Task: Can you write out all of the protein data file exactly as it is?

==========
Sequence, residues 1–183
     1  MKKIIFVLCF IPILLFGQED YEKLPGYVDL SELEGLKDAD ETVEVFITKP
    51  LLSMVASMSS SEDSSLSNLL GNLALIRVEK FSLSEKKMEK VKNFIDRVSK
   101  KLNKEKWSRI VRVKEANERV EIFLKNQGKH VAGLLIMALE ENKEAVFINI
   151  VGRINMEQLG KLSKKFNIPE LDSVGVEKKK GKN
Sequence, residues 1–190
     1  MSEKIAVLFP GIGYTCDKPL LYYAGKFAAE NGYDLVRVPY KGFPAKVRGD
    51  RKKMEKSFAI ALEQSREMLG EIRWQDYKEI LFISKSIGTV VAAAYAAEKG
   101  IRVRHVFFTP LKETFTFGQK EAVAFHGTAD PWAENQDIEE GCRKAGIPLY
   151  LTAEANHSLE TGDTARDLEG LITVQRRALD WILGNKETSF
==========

Sequence, residues 1–183
     1  MKKIIFVLCF IPILLFGQED YEKLPGYVDL SELEGLKDAD ETVEVFITKP
    51  LLSMVASMSS SEDSSLSNLL GNLALIRVEK FSLSEKKMEK VKNFIDRVSK
   101  KLNKEKWSRI VRVKEANERV EIFLKNQGKH VAGLLIMALE ENKEAVFINI
   151  VGRINMEQLG KLSKKFNIPE LDSVGVEKKK GKN
Sequence, residues 1–190
     1  MSEKIAVLFP GIGYTCDKPL LYYAGKFAAE NGYDLVRVPY KGFPAKVRGD
    51  RKKMEKSFAI ALEQSREMLG EIRWQDYKEI LFISKSIGTV VAAAYAAEKG
   101  IRVRHVFFTP LKETFTFGQK EAVAFHGTAD PWAENQDIEE GCRKAGIPLY
   151  LTAEANHSLE TGDTARDLEG LITVQRRALD WILGNKETSF